ANDOVER — Just shy of 300 students graduated from the Greater Lawrence Technical School yesterday, though the memory of one student who couldn’t walk with them was there in spirit.
The vocational school graduated 289 seniors yesterday in a ceremony that informed graduates of the challenges that lay ahead, while recognizing that the skills given to them by the school equip them with the opportunity to come out ahead. The school serves students in Lawrence, Methuen, Andover and North Andover.
The ceremony also remembered classmate Max Montanez, who was killed in September 2011 in a domestic triple-homicide that also claimed the lives of his sister Sachary and mother Milka Rivera. Students and faculty wore black and orange ribbons honoring Montanez at the ceremony.
Graduate Agneris Vasquez, who designed the ribbons with her friend Juleece DeJesus, said Montanez was “a great kid. Everyone loves him.”
“We want him to be remembered because he came in with us, and we were all great friends,” she said.
Valedictorian Jesenia Interiano mentioned Montanez in her remarks, saying he “should have graduated with the class of 2013.”
“His tragic death affected us, and although we continue with our lives and move forward, his memory will live on forever in our hearts,” she said. “Through this event, we can learn something about perseverance.”
Interiano pressed her classmates to keep moving forward in life, regardless of the challenges on the road ahead.
“Some of us still don’t know what we want to do, but that’s okay because this isn’t the end,” she said. “We’ve only stopped at a red light at the intersection of life. Confucius said it doesn’t matter how slowly you go, as long as you don’t stop.”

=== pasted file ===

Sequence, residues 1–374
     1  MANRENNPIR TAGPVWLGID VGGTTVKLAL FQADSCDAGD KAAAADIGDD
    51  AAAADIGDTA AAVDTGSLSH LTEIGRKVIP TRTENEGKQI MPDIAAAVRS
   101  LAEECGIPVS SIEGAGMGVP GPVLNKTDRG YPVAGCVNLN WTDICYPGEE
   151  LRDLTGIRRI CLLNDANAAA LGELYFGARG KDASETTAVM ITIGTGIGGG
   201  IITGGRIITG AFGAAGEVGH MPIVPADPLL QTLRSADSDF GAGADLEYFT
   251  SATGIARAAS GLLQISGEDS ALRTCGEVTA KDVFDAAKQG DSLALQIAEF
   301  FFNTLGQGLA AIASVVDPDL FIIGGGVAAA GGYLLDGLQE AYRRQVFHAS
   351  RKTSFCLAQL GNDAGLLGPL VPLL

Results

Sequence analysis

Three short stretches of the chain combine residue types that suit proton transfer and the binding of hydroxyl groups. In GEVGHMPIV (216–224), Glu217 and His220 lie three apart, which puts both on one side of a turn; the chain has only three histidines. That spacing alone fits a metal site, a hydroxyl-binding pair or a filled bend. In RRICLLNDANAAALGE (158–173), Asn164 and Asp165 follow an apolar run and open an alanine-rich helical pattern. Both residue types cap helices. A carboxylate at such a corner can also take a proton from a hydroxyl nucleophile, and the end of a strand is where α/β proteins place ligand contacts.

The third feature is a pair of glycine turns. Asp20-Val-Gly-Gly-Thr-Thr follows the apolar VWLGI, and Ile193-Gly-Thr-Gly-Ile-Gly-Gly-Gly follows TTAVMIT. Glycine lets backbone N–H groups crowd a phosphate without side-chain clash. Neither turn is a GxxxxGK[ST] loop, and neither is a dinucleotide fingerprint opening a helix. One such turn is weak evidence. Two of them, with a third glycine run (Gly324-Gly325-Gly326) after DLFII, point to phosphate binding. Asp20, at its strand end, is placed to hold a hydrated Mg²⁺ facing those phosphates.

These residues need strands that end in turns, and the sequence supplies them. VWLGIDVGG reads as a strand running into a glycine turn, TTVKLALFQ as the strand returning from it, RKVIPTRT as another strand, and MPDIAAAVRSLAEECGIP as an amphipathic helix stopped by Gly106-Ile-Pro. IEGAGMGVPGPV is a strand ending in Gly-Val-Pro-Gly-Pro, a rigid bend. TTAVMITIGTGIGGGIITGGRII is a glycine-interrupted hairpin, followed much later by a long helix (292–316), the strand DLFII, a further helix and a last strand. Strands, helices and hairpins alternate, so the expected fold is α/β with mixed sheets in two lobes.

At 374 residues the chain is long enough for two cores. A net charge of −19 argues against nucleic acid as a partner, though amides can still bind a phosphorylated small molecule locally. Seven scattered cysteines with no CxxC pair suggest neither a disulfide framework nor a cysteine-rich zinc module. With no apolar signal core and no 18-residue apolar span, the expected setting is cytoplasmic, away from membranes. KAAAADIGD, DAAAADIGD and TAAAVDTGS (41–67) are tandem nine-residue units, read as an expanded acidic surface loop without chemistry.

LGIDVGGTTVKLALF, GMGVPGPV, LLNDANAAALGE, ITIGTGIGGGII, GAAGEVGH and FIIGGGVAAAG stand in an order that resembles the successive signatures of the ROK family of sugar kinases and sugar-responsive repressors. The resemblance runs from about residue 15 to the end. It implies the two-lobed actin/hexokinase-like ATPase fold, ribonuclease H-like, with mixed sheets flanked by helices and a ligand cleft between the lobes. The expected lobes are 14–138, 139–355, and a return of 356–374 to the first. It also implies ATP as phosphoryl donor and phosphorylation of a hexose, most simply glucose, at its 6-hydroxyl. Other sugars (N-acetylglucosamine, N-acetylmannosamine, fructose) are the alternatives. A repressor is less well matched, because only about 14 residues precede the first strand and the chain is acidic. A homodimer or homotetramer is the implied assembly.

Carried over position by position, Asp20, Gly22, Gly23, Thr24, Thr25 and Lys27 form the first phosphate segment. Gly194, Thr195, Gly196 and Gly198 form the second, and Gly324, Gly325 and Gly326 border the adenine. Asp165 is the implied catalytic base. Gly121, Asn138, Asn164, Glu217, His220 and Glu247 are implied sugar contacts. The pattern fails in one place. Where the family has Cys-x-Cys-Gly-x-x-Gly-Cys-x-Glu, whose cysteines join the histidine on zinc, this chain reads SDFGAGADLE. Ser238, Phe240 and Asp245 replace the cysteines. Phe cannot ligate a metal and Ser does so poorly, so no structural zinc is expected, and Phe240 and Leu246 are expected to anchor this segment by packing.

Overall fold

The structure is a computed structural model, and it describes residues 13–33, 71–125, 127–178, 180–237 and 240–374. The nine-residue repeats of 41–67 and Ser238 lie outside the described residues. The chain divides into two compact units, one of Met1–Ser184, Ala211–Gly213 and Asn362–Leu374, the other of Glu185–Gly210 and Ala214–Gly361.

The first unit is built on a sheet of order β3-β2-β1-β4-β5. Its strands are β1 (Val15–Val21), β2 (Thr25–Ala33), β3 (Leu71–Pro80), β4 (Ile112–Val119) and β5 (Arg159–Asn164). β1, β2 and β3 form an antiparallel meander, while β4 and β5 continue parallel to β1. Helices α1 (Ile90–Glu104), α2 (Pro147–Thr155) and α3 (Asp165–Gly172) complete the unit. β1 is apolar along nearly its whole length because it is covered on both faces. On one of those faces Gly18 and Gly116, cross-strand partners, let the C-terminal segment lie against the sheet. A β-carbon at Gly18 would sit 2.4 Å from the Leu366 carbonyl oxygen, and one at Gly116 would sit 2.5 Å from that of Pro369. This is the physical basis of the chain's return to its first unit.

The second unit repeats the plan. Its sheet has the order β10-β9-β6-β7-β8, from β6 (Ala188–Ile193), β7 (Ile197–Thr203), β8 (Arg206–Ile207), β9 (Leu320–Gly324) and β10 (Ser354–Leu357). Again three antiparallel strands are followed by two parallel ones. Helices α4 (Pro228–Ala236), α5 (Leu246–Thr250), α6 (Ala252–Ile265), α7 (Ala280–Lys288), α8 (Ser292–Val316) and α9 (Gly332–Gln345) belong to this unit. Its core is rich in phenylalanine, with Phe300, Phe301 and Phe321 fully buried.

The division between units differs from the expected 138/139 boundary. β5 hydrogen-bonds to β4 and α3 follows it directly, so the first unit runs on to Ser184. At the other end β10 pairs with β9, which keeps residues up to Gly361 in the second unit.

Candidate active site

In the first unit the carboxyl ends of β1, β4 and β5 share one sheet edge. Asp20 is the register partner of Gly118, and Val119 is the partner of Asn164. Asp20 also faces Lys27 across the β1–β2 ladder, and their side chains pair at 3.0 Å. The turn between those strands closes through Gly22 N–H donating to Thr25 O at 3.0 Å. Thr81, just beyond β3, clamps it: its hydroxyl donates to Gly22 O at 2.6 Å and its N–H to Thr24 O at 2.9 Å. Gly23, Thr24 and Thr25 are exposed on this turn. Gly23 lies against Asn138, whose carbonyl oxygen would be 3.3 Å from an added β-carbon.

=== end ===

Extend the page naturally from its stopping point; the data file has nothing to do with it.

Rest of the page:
School Superintendent and Director John Lavoie offered encouraging words to the graduates, saying, “although unemployment is high, I’ll tell you that every employer is still looking for skilled, young people who are willing to work hard.”
“Don’t sell yourself short. Don’t wait for opportunities to fall into your lap,” he said. “Be proactive and go into the work force, and find the job you want.”
State Rep. Frank Moran, a member of the school’s class of 1989, offered similar remarks, admitting that his journey “did not go without its challenges, and I’m sure that yours won’t go either.”
“No matter where you go or what you do, there are challenges ahead. What I ask of each of you is that you meet those challenges straight on with your head held high,” Moran said. “It’s not enough to simply get by in life. That doesn’t move the world forward.”